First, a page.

Grand Final preview
Matt Cooper previews this week's Challenge Tour Grand Final in Dubai and offers up his best bets.
By Matt Cooper
Last Updated: 29/10/13 11:07am
It's the last week of the Challenge Tour and, just like the main tour, everything now ends in Middle East.
The top 45 players in the rankings are eligible to attend the Dubai Festival City Grand Final and most of them start the week with a dual aim: initially they need to perform well in the tournament itself, but, in the back of their heads, is the knowledge that the top 15 players in the rankings after the golf is completed will leave Dubai with a guaranteed European Tour card for 2014.
That secondary aim splits the field into three distinct groups. Those currently outside the top 25 know that a spectacular week is required (but not out of the question - in recent years James Busby and Andrew Johnston have transformed their season at Grand Final). For those in the top 12 the week is tension-free - their card is safe. For everyone in between it is a week of stress, when the golden ticket is so near and yet so far.
With the glaring exception of Henrik Stenson (victor in 2000) winners of the Grand Final itself haven't progressed to glory. They include journeymen, players who have disappeared from view and youngsters who've struggled to make the grade at the top level.
Winning the rankings, on the other hand, has been a sign of better things to come, for example multiple European Tour winners Johan Edfors, Marc Warren, David Horsey and Edoardo Molinari. Other recent Challenge Tour graduates include Martin Kaymer, Alex Noren, Rafa Cabrera-Bello and Nicolas Colsaerts.
A change of venue
Grand Final began life in Portugal in the mid-1990s, moved to Cuba and then France, before it settled at the San Domenico GC, in southern Italy, for eight years. Now, it moves again, to the Middle East. It's sort of become a Race to Dubai to join the Race to Dubai.
Al Badia ('Land of the Bedouins') is a Robert Trent Jones Sr design which has hosted Mena Tour events in recent years. Veteran Welshman Stephen Dodd won there last year and it is, inevitably, reminiscent of the Middle East's other courses - lots of water, lots of sand and skyscrapers always on the horizon. It's a generous course from the tee and the rumour is that the players could go low this week.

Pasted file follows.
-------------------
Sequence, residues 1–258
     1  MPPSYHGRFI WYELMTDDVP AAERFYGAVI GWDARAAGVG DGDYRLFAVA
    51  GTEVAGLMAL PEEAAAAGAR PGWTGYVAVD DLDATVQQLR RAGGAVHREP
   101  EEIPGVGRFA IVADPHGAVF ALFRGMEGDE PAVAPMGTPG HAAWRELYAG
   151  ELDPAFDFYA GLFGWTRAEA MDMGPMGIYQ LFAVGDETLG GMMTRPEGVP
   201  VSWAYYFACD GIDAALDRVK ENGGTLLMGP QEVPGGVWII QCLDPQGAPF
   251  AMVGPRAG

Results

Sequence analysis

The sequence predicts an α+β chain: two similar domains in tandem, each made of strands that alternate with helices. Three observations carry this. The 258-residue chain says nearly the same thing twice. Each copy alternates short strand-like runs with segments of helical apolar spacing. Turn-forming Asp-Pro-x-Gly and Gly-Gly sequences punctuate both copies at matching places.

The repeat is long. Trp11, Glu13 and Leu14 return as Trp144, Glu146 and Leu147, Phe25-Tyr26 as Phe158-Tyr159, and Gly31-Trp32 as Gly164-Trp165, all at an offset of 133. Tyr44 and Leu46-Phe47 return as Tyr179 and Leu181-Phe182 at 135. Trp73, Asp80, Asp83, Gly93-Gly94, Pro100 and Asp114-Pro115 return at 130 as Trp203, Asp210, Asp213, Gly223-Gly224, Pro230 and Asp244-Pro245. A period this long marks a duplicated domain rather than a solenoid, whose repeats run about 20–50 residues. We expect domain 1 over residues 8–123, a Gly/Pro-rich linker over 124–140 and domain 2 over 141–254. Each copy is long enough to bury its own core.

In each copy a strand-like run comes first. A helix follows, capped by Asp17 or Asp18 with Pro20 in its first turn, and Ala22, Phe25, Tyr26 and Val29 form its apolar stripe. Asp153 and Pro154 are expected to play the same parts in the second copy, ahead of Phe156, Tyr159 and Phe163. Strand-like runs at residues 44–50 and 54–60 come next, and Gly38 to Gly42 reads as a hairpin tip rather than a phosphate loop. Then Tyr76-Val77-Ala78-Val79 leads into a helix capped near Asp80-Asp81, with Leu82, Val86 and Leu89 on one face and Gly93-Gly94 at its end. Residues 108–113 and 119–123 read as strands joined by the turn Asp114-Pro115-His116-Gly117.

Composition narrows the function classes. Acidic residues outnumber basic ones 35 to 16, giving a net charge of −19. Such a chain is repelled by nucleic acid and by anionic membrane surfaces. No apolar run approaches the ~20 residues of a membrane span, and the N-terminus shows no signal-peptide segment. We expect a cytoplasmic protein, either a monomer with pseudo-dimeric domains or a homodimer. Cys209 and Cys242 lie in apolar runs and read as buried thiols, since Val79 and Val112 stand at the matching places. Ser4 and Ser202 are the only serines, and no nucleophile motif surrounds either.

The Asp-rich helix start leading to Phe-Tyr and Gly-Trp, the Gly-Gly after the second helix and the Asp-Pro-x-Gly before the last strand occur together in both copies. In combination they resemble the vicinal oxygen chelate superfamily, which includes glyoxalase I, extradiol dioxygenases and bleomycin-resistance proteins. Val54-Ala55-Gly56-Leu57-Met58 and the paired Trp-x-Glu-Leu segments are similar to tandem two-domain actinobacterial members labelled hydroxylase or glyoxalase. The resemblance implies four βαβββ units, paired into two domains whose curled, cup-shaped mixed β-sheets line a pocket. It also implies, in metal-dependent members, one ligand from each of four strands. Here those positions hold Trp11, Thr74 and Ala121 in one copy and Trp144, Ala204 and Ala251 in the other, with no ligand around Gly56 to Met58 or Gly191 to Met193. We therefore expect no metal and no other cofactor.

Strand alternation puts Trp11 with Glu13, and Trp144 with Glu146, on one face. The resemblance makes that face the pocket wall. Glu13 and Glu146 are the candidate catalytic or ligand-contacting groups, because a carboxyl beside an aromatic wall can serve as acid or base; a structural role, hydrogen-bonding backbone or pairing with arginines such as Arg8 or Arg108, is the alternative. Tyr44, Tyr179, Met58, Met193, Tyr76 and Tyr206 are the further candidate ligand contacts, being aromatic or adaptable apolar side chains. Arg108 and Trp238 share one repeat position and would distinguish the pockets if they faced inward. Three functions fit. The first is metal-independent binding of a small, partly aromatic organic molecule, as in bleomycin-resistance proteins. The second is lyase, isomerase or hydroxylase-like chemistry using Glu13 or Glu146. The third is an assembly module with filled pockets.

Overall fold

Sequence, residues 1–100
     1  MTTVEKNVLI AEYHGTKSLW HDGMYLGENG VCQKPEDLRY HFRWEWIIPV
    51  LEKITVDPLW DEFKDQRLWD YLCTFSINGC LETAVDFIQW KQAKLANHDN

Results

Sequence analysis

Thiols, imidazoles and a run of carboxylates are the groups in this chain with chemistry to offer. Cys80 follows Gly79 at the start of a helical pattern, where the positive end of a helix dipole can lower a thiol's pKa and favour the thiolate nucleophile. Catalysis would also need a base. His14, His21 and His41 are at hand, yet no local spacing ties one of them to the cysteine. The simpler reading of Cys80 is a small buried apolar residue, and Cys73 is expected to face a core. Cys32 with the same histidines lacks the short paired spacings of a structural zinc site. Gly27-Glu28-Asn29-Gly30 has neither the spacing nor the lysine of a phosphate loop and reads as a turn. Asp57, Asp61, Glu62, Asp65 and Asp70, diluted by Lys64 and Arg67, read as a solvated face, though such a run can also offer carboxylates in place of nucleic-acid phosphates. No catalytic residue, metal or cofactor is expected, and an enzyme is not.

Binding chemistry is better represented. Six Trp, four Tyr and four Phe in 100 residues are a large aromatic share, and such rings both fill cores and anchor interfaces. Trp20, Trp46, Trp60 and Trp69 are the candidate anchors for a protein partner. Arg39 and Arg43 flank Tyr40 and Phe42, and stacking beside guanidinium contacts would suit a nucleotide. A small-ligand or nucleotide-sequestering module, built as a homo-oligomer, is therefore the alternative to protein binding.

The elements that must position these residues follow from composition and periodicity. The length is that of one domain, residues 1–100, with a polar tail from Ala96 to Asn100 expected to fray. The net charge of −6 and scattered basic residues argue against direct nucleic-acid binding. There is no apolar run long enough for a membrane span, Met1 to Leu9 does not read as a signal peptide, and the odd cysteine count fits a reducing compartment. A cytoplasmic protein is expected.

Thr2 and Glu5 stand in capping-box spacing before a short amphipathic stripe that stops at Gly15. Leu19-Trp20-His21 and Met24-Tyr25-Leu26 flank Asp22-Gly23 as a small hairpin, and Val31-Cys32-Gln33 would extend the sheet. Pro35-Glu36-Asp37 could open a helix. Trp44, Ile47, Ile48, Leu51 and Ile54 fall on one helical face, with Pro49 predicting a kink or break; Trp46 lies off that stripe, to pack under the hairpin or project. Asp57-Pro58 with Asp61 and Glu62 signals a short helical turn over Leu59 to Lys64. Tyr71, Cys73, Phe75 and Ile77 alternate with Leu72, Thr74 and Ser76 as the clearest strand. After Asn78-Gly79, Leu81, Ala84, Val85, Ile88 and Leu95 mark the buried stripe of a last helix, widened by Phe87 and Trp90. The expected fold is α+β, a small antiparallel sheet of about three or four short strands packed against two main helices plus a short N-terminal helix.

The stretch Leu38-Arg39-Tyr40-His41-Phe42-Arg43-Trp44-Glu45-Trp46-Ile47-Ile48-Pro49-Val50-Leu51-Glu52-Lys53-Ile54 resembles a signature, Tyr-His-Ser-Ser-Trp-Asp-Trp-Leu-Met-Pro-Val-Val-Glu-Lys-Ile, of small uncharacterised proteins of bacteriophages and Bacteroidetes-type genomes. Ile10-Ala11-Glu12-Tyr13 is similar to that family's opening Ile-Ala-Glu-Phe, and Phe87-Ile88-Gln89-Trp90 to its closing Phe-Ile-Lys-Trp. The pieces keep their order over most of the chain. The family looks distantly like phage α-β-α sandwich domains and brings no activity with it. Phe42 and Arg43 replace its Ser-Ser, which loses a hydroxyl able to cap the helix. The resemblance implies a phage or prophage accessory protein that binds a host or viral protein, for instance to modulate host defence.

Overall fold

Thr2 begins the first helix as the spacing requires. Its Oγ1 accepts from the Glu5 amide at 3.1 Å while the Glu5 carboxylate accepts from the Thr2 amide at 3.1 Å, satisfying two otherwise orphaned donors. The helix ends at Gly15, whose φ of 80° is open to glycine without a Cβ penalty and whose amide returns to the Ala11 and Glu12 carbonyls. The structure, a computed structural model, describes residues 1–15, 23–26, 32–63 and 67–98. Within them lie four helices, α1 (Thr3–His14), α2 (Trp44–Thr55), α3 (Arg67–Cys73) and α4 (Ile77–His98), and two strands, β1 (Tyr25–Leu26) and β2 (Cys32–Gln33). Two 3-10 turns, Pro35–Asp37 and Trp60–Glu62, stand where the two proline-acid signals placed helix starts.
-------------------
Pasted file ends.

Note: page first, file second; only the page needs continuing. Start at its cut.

Italy's Andrea Pavan currently tops the rankings, has two victories this year and is a past winner of the event (in 2011, albeit on home turf) so he has plenty in his favour. With confidence renewed after a tough year on the main tour, a strong performance would be no shock.
Daan Huizing (the Netherlands) and Francois Calmels (France) are both two-time winners this season, but both arrive in poor form so might be best avoided.
In contrast England's Tyrell Hatton has timed his race to a top-15 season finish to perfection with two second placed finishes in his last three starts, whilst Spain's Nacho Elvira has done a similar job, with four top ten finishes in recent weeks, including a maiden win in China two weeks ago.
The man in best long-term form, however, is Sweden's Johan Carlsson, a rookie, who's been brilliant since mid-summer, won in Kazakhstan and was sixth last week.
If anyone challenges Carlsson's consistency in the last three months it is Spain's Adrian Otaegui, whose problem has been winning (he's had five top five finishes, including three second places). But watch out for the talented 20-year-old - he's a protégé of Jose Maria Olazabal.
Viewed from one perspective, playing on the Challenge Tour proves that you are only ever as good as your last season. But Oliver Wilson was good enough to play in the Ryder Cup and Rhys Davies promising enough for Colin Montgomerie to involve him behind the scenes in 2010. If they find their A-game they could mount late charges for the tour cards and even contend. Wilson also boasts a solid record in the Middle East.
And if you knew that Scotland's Duncan Stewart played on the Middle East's Mena Tour in 2012 and finished in the top ten in five of his six starts, you might add his name to the shortlist. The problem is the exception - T52 at Al Badia...
The Grand Final is a curious beast. By necessity there is plenty of tension and stress, but there is also a element of school trip or last day at school about it as well. That is most evident after the final round, but for some players - those whose cards are safe or who drift out of contention early in the week - the feeling begins earlier in the week.
That is worth bearing in mind when observing a few trends that have emerged. Seven of the eight Grand Final winners at San Domenico had European Tour cards sewn up at the start of the week, seven of them also had form (in the shape of a top ten finish in their previous three starts).
The trends are maintained if you look at the last 15 winners - 11 of 15 were in card positions and 11 of 15 had that form.
Those stats suggest that card-chasing occupies the players on the cusp of getting them so it is best to focus on players who can play with a bit of freedom. If someone confound the trends it doesn't mean the stats were wrong, rather the stats will put their effort in perspective.
The picks are two men in the top 12 of the rankings with recent form.
The first is Carlsson who attributed his Kazakhstan win to inspiration from fellow countryman Henrik Stenson's recent success. Perhaps he can repeat the trick because Stenson won the Grand Final in 2000.
Carlsson also won the Nordea Tour Championship (i.e. that tour's Grand Final) this time last year which might add a level of comfort and if the rumour about birdies is true his hot putter will be an advantage too.
Add the youngster Otaegui because the slightly less pressured week might help him find the top spot.
1pt e.w. Johan Carlsson at 14/1 (1/4 1,2,3,4)
1pt e.w. Adrian Otaegui at 18/1 (1/4 1,2,3,4)